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I'm not sure I know the reason exactly, but I do know that there have been several changes to the studio allocations recently (since the new schedule started this month). So on weekdays Adele and Clara's shows now come from 82F. Weekends Arielle and Jordan also now come from 82F. The chart comes from 82E and Danny is in 82B. Interestingly, the 1Xtra breakfast show has been in 82D recently - it always used to be 82F. It seems that any shows with a co-presenter must come from 82A or 82D as these studios are larger, making social distancing possible.
I Know I have asked this before, but never had a solid answer, and some newer members may know, so why is it on a Friday and the weekend the studios seem to swap for example on a regular weekday Adele, Clara, Grimmy and RMC are in 82D and Greg, Scott, Annie and Jack come from 82A but at weekends it seems to change, Arielle 82A, M&M 82D, Jordan 82A, Dev 82D, Scott 82 (E/F??) Annie 82A and Danny 82D Anyone have any idea why this happens, also why doen't Scott just use 82A on a Friday or is that because Annie insists on 82A every time
It’s an interesting point. But the BBC had been subject to BBC Trust/Ofcom restrictions for years when it comes to audio content. They were banned from doing any podcasts that weren’t radio best-bits, hence the surge in the last few years against BBC Sounds. So they’re already playing catch up in the audio field, any restriction on a station like this just feels wrong on those grounds. The music played by R1 Dance is hardly over-served by commercial stations. Heart Dance is much poppier than Pete Tong, for example.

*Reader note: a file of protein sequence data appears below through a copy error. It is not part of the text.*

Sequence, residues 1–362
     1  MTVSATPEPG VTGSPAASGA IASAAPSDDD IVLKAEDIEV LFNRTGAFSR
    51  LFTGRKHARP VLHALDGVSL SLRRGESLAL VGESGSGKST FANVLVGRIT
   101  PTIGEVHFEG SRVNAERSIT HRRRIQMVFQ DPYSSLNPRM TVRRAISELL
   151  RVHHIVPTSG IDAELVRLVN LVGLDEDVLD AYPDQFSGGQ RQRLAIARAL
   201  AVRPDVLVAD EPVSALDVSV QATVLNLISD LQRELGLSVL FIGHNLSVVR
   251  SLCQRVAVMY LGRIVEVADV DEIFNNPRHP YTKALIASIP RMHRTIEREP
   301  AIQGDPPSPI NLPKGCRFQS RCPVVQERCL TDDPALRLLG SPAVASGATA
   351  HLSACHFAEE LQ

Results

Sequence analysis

Just received this: The Chair of the All-Party Parliamentary Group (APPG) on Commercial Radio is calling on Ofcom to conduct a review of the BBC Sounds platform following plans for a new 24 hour BBC Radio 1 Dance service. Earlier today (Thursday 17th September) the BBC announced an extension of the Radio 1 brand with Radio 1 Dance set to launch on BBC Sounds on 9th October. Andy Carter MP, Chair of the APPG, is now urging Ofcom to review the BBC Sounds platform as the BBC continues to invest undisclosed sums of licence fee income into an expanding service that is hardly distinctive and essentially replicates services already available to listeners. Andy Carter MP, Chair of the All-Party Parliamentary Group on Commercial Radio, said: “It’s imperative for the future of the BBC that it provides high quality, distinctive content that warrants its significant licence fee income. I am concerned about the serious lack of transparency and scrutiny of the BBC Sounds platform. New services like Radio 1 Dance do not appear to meet the important public value tests that the BBC must observe. I hope Ofcom will conduct a thorough review of BBC Sounds as a matter of urgency.” Siobhan Kenny, Radiocentre CEO, commented: “We were encouraged to hear new Director General Tim Davie emphasise that distinctiveness and true public service value should be at the heart of all BBC content. It is disappointing therefore to see this announcement of a new 24 hour dance stream. It is really difficult to understand what qualifies as distinctive in this offering. Commercial radio has a rich catalogue in this area, and is very popular with audiences. We know the BBC is struggling to attract younger audiences but launching in competition to existing, UK based providers, who rely on advertising revenue rather than public funding, is really not the way ahead. We agree that it is time for an urgent re view.”